2
$\begingroup$

Consider the following min-max problem

$$\inf_{x\in M} \sup_{y\in N} F(x,y),$$

where $F: M\times N\to\mathbb R$ is Lipschitz and $y\mapsto F(x,y)$ is concave for all $x\in M$. Could we derive $\inf_{x\in M} \sup_{y\in N} F(x,y)=\sup_{y\in N} \inf_{x\in M}F(x,y)$ if $M\subset \mathbb R^m$ and $N\subset\mathbb R^n$ are both compact?

PS: To the best of my knowledge, the reference on Min-Max theorem is from M. Sion : https://msp.org/pjm/1958/8-1/pjm-v8-n1-p14-p.pdf However, the convexity of $x\mapsto F(x,y)$ is missing in my case. Any comments or references are highly appreciated!

PS2: Thank Nik Weaver for the counterexample and Iosif Pinelis for providing a helpful condition. The function above is defined as

$$F(x,y)~:=~\sum_{k=1}^n\int_{V_k(x,y)}\left\{|z-x_k|^2-y_k\right\}\rho(z)dx+\sum_{k=1}^n p_ky_k,$$

where $x=(x_1,\ldots, x_n)\in\Omega^n$, $y=(y_1,\ldots, y_n)\in\mathbb R^n$ and

$$V_k(x,y)~:=~\big\{z\in\Omega:~ |z-x_k|^2-y_k\le |z-x_{i}|^2-y_{i},~ \forall 1\le i\le n\big\}.$$

Here $\Omega\subset\mathbb R^d$ is compact, $\rho$ is a density function on $\Omega$ and $p_1,\ldots, p_n\in (0,1)$ are given weights satisfying

$$\int_{\Omega}\rho(z)dz ~=~ 1 ~=~ \sum_{k=1}^n p_k.$$

According to Iosif Pinelis, to show $\inf_{x\in\Omega^n}\sup_{y\in\mathbb R^n}F(x,y)=\sup_{y\in\mathbb R^n}\inf_{x\in\Omega^n}F(x,y)$, it suffices to show, for each $y\in\mathbb R^n$, there exists a unique $x_y\in\Omega^n$ s.t. $\inf_{x\in\Omega^n}F(x,y)=F(x_y,y)$.

It is known that $(V_k)_{1\le k\le n}$ is the weighted Voronoi tessellation (if $y=(0,\ldots, 0)$ it becomes the Voronoi tessellation, and the unique minimizer is given by the centroidal Voronoi tessellation).

$\endgroup$
  • $\begingroup$ Can you give details/references on "the unique minimizer is given by the centroidal Voronoi tessellation"? $\endgroup$ – Iosif Pinelis Aug 23 '19 at 4:27
  • $\begingroup$ @IosifPinelis Actually this is what I wish to know. I've just learnt this aspect recently (as it's related to my current research), and as I saw your answer to mathoverflow.net/questions/337261/… So I suppose you know better than I... $\endgroup$ – Neymar Aug 23 '19 at 4:32
  • $\begingroup$ The only reference that I have now is alice.loria.fr/publications/papers/2009/onCVT/onCVT.pdf Now I don't know any result concerning the uniqueness of minimizer, but I will let you know as soon as I find any related reference $\endgroup$ – Neymar Aug 23 '19 at 4:35
  • $\begingroup$ I'll try to think about the uniqueness. Actually, some weaker versions of the uniqueness would be enough, as is now detailed a bit in my answer. $\endgroup$ – Iosif Pinelis Aug 23 '19 at 4:43
  • $\begingroup$ @IosifPinelis Thank you very much for the consideration. If you don't mind I can email you my draft which might clarify the motivation. $\endgroup$ – Neymar Aug 23 '19 at 4:54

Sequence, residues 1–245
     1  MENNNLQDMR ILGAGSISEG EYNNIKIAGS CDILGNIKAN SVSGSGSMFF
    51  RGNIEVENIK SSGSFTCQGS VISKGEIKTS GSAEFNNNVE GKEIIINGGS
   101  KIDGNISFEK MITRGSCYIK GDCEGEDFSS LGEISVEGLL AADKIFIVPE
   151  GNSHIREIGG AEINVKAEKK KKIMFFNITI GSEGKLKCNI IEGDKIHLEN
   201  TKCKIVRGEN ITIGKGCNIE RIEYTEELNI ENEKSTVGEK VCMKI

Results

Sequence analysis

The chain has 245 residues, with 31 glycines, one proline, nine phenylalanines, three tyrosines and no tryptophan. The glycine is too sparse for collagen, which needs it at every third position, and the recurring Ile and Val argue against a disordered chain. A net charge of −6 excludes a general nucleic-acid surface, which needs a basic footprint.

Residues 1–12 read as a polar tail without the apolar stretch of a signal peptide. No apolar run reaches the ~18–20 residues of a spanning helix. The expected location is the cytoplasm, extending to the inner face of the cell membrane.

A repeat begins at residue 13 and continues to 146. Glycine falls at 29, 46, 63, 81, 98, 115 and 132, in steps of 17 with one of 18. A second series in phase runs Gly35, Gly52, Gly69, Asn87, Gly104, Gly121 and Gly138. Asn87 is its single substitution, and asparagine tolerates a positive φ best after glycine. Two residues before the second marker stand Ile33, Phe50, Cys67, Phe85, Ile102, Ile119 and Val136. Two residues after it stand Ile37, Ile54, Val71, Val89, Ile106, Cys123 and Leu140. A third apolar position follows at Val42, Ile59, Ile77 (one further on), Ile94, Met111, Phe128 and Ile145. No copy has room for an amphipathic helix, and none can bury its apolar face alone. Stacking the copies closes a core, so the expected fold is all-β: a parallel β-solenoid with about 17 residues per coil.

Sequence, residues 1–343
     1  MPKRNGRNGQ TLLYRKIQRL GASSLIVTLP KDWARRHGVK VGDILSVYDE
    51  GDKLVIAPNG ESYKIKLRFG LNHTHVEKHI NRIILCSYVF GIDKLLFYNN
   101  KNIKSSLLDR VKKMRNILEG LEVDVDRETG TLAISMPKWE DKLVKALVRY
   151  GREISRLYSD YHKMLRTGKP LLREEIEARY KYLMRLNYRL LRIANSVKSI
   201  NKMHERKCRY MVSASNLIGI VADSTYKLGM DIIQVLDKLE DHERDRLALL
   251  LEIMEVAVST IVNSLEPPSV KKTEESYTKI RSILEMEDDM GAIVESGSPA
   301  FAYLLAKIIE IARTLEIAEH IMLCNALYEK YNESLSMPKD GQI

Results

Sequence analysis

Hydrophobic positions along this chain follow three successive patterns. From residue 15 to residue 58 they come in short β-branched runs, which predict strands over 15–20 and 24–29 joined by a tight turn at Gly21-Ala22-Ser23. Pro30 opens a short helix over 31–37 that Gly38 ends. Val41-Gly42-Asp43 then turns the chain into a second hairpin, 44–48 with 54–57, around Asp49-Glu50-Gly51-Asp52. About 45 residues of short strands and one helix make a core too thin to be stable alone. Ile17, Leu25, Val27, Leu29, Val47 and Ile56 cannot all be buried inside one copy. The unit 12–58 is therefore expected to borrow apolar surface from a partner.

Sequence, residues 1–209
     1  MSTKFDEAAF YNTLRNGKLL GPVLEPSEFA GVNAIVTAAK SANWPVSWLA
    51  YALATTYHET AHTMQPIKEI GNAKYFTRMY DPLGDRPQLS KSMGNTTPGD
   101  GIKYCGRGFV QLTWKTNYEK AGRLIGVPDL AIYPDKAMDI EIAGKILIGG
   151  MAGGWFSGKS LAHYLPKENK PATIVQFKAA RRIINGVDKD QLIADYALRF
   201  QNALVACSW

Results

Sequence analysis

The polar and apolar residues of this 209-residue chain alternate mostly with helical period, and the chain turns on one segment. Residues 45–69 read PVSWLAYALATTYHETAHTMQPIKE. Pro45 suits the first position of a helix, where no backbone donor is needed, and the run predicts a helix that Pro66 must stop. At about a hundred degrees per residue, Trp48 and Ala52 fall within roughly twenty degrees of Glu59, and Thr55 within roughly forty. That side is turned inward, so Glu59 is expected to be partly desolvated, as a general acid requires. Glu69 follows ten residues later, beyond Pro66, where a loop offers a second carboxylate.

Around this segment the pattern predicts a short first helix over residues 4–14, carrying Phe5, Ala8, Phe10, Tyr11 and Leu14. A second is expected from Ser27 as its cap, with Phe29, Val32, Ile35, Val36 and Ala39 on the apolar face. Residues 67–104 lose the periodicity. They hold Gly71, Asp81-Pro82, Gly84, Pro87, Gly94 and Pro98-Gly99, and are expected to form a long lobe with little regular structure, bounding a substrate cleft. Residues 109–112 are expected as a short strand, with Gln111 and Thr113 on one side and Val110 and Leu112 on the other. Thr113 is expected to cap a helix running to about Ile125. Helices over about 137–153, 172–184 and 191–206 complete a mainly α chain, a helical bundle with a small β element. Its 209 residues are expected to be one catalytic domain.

2
$\begingroup$

It's false. Take $M = [0,1]$ and $N = \mathbb{R}$ and define $F(x,y) = 1 - |x-y|$. Taking $y_x = x$ satisfies condition (2). Here $\inf_M \sup_N F(x,y) = 1$ and $\sup_N \inf_M F(x,y) = 1/2$, achieved when $y = 1/2$.

Edit: this answers the original question. The new version of the question, with $N$ compact, is falsified by taking $N=[0,1]$ in the above example.

$\endgroup$
  • $\begingroup$ Thanks for the quick reply. Could the two operator be exchanged if $N$ is also assumed to be compact (see what I've edited)? $\endgroup$ – Neymar Aug 23 '19 at 0:01
  • $\begingroup$ Just take $N = [0,1]$ in my example. $\endgroup$ – Nik Weaver Aug 23 '19 at 0:42
1
$\begingroup$

As pointed out by Nik Weaver, the minimax duality will not hold in general without assuming that $F(x,y)$ is convex in $x$.

However, if, for instance, for each $y$ the minimum of $F(x,y)$ in $x$ is attained at only one point, then under natural regularity conditions we have the minimax duality. See e.g. Theorem 1.1 or Theorem 1 or Theorem 1.

Remark 1: In Nik Weaver's counterexample, with $M=N=[0,1]$, the condition that the minimum of $F(x,y)$ in $x$ be attained at only one point was violated only for one value of $y$, namely $y=1/2$, and that was enough to bring the minimax duality down! On the other hand, as seen from the above citations, it is not necessary to require a unique minimizer in $x$ for each $y$ -- it is enough to require it just for one special $y$. In Nik Weaver's counterexample, $1/2$ would be precisely that special $y$ -- for which the uniqueness condition fails, though.

Remark 2: A necessary and sufficient condition for the minimax duality for generalized concave-convex functions $F$ is given here. This condition consists in the upper semi-continuity at $0$ of a certain functional constructed based on $F$.

$\endgroup$
  • $\begingroup$ Thank you very kindly for the detailed comments (I did not know about Thereom 1.1 or Theorem 1 before). I have now added more details about function $F$ in PS2 (see above). After taking a look at your previous answers, I believe that you are familiar with optimal transport and Voronoi tessellation. Now to check the condition ensuring the minmax duality, it suffices to check the uniqueness of $argmin_{x\in M}F(x,y)$. For the function $F$ defined above, do you have any idea whether this condition is satisfied? Thanks a lot! $\endgroup$ – Neymar Aug 23 '19 at 4:19

Your Answer

By clicking “Post Your Answer”, you agree to our terms of service, privacy policy and cookie policy

Not the answer you're looking for? Browse other questions tagged or ask your own question.